Find out more about Iranian customs and etiquette.

Setting up in Market

Before setting up in market, business should familiarise themselves with Australia’s remaining sanctions in relation to Iran, and seek independent legal and financial advice before making commercial decisions or entering into commitments.

For more information about Australia’s remaining sanctions to Iran, visit the Department of Foreign Affairs and Trade (DFAT).

Banking and finance

The government has been moving towards liberalising the banking sector, although progress has been extremely slow. Foreign banks have been operating in Iran’s free-trade zones since 1998, however the banking sector is dominated by state-owned banks.

Following the gradual lifting of international sanctions on Iran, there has been increased interest amongstst banks and financial institutions in exploring the potential opportunities in the Iranian market. At present, there are no fully licensed foreign banks in Iran. Many banks are Iranian government owned, while the rest are private Iranian banks. The Monetary and Banking Law of Iran issued on 9 July 1972 provides that the Central Bank of Iran is responsible for the formulation and implementation of monetary and credit policies with due regard to the general economic policy of the country. Amongst other things, the Central Bank is responsible for the supervision of banks and credit institutions in accordance with the Monetary and Banking Law.

The Law for Usury (Interest) Free Banking, as approved by the Council of Protectors in September 1983, includes a number of objectives and duties applicable to the banking system in Iran, including adherence to Islamic jurisprudence and interest-free lending. This applies to all forms of lending, regardless of the currency in which the loan is made. The Regulations on Monetary and Banking Operations in Free Trade – Industrial Zone of the Islamic Republic of Iran, contain an exception to this prohibition on interest, whereby foreign currency transactions conducted from within a free zone are exempt from implementing the Islamic banking system. It remains unclear, however, whether this exemption is consistently applied in practice.

The Banking and Monetary Act provides that: “Engagement in banking operations is prohibited, except with the permission of the Currency and Credit Council. The articles of association of banks also must be approved by the Currency and Credit Council...”. The banking legislation in Iran is silent about what constitutes ‘banking operations’, which can make it difficult to identify its scope and reach.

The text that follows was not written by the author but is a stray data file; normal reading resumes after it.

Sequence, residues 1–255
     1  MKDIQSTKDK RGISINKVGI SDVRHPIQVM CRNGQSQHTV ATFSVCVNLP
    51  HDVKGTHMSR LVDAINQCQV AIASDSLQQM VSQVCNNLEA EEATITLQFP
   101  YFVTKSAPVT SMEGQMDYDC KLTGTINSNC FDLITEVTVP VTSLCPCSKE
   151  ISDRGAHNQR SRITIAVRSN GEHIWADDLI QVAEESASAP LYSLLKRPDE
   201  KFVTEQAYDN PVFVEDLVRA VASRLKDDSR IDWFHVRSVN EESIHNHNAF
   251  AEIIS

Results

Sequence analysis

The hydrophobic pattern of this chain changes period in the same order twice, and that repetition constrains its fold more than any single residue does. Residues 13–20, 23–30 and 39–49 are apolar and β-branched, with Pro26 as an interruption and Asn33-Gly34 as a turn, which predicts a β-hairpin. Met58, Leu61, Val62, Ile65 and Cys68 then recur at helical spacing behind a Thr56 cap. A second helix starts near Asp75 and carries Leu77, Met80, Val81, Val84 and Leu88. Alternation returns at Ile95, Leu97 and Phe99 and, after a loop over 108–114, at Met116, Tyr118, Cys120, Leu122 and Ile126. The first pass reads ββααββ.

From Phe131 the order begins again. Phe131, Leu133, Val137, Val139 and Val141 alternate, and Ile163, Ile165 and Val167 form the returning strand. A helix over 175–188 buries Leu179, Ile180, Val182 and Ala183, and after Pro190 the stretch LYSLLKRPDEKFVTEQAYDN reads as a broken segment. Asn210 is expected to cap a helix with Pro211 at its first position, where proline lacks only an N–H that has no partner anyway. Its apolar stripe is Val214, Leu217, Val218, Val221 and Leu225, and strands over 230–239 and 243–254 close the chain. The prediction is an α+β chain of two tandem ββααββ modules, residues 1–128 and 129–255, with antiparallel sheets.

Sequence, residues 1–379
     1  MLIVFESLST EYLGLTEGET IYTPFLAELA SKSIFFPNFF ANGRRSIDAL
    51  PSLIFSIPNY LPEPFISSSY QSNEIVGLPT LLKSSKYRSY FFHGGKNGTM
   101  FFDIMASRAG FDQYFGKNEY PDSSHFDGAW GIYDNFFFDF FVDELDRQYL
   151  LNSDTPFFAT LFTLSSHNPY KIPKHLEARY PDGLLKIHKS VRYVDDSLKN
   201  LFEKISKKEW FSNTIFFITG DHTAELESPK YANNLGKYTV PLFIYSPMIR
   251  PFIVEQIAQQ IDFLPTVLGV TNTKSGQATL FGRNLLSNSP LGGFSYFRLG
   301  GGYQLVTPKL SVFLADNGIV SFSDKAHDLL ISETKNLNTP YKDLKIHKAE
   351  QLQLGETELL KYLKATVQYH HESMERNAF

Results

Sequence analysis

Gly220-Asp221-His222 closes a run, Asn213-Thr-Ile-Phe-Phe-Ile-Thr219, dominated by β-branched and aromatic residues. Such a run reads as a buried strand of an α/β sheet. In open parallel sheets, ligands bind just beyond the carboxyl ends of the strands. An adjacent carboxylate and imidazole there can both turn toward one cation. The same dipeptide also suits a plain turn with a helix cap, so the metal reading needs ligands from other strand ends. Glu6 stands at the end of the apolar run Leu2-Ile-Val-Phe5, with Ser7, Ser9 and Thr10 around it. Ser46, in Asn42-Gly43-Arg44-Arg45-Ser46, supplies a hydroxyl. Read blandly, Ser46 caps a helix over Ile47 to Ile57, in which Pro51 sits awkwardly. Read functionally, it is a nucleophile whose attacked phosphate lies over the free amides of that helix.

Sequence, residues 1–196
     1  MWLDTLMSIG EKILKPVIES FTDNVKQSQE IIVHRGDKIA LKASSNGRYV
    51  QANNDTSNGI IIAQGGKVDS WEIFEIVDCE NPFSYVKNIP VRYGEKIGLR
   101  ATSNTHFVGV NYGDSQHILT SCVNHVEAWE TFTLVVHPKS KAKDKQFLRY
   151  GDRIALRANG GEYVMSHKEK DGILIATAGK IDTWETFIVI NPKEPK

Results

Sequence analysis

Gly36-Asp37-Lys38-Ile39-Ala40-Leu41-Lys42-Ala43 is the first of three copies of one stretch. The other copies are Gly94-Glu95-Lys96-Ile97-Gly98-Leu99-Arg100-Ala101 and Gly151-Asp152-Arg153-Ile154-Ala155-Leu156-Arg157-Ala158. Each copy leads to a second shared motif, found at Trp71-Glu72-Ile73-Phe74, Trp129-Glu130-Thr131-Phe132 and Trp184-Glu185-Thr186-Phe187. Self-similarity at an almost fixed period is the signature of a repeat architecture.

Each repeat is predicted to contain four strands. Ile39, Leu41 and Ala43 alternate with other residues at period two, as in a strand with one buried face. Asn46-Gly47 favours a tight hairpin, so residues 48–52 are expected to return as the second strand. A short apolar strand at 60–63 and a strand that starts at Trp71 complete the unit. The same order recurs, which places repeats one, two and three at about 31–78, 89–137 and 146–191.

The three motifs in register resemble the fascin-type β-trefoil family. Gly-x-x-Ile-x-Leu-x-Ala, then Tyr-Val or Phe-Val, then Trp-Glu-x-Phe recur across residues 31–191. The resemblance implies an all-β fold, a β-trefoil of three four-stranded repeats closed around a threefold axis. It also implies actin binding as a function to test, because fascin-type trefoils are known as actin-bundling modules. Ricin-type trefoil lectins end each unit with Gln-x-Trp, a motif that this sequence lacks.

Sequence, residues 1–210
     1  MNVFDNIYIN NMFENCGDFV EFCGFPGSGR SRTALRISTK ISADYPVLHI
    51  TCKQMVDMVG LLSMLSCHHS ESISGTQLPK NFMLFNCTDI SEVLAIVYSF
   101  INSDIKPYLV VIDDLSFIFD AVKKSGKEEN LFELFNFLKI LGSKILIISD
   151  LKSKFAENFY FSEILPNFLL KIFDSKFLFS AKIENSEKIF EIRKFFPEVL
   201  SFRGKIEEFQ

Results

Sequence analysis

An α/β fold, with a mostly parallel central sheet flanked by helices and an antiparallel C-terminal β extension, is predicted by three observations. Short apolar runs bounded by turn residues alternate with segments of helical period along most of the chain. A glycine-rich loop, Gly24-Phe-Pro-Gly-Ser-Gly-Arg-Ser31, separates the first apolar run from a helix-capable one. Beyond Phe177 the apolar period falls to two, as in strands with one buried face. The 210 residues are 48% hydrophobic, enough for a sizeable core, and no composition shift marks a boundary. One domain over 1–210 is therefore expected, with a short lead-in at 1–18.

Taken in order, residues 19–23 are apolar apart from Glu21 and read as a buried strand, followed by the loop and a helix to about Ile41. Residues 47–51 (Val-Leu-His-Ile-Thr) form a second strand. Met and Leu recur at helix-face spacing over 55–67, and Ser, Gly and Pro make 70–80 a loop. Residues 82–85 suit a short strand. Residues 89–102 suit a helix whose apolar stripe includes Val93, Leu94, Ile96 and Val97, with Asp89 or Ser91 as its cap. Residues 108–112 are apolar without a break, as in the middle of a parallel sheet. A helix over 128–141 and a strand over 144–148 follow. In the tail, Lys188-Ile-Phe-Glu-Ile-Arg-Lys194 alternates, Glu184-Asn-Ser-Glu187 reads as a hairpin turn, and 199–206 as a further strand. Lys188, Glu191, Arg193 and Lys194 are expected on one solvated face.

The legislation makes it clear that, at the time of applying for a licence, an applicant foreign bank must formally include the proposed activities for its entity in Iran, which shall be assessed and decided on a case-by-case basis by the Council in line with the provisions of the Banking and Monetary Act. For the purposes of the Banking and Monetary Act, a bank shall be considered a ‘foreign bank’ if more than 40 per cent of its capital is owned by non-Iranian individuals or entities.

All financial institutions in Iran, including foreign banks established in Iran, branches, and representative offices, may not engage in any banking activities or ancillary services (including marketing and cross-border marketing activities) without express approval and licences from the Council and the Central Bank, respectively.

In terms of the different forms of on ground presence available in Iran, the Monetary and Banking Law provides that domestic and foreign banks (as defined above) may only take the form of public joint stock companies.

Iranian banking legislation is silent with regard to cross-border lending, i.e. lending to Iranian companies from outside Iran. It is also silent on the permissibility of a bank taking security in Iran without establishing a presence in Iran.

It is too early to assess the degree or speed at which Iran will reform its banking and finance-related legislation and framework following years of isolation. Issues of sanctions and limitations on US dollar transactions will also continue to be inhibiting factors to some financial institutions. However, progress has started with the recent reconnection of Iranian banks to SWIFT.

Find out more about the Iranian banking system.

Links and resources

Government, business and trade

Iran Chamber of Commerce, Industries and Mines
IRI Customs Administration
Ministry of Foreign Affairs

News and media

Tehran Times

Please note: This list of websites and resources is not definitive. Inclusion in this list does not imply endorsement by Austrade. The information provided is a guide only. The content is for information and carries no warranty; as such, the addressee must exercise their own discretion in its use. Australia’s anti-bribery laws apply overseas and Austrade will not provide business related services to any party who breaches the law and will report credible evidence of any breach. For further information, please see foreign bribery information and awareness pack.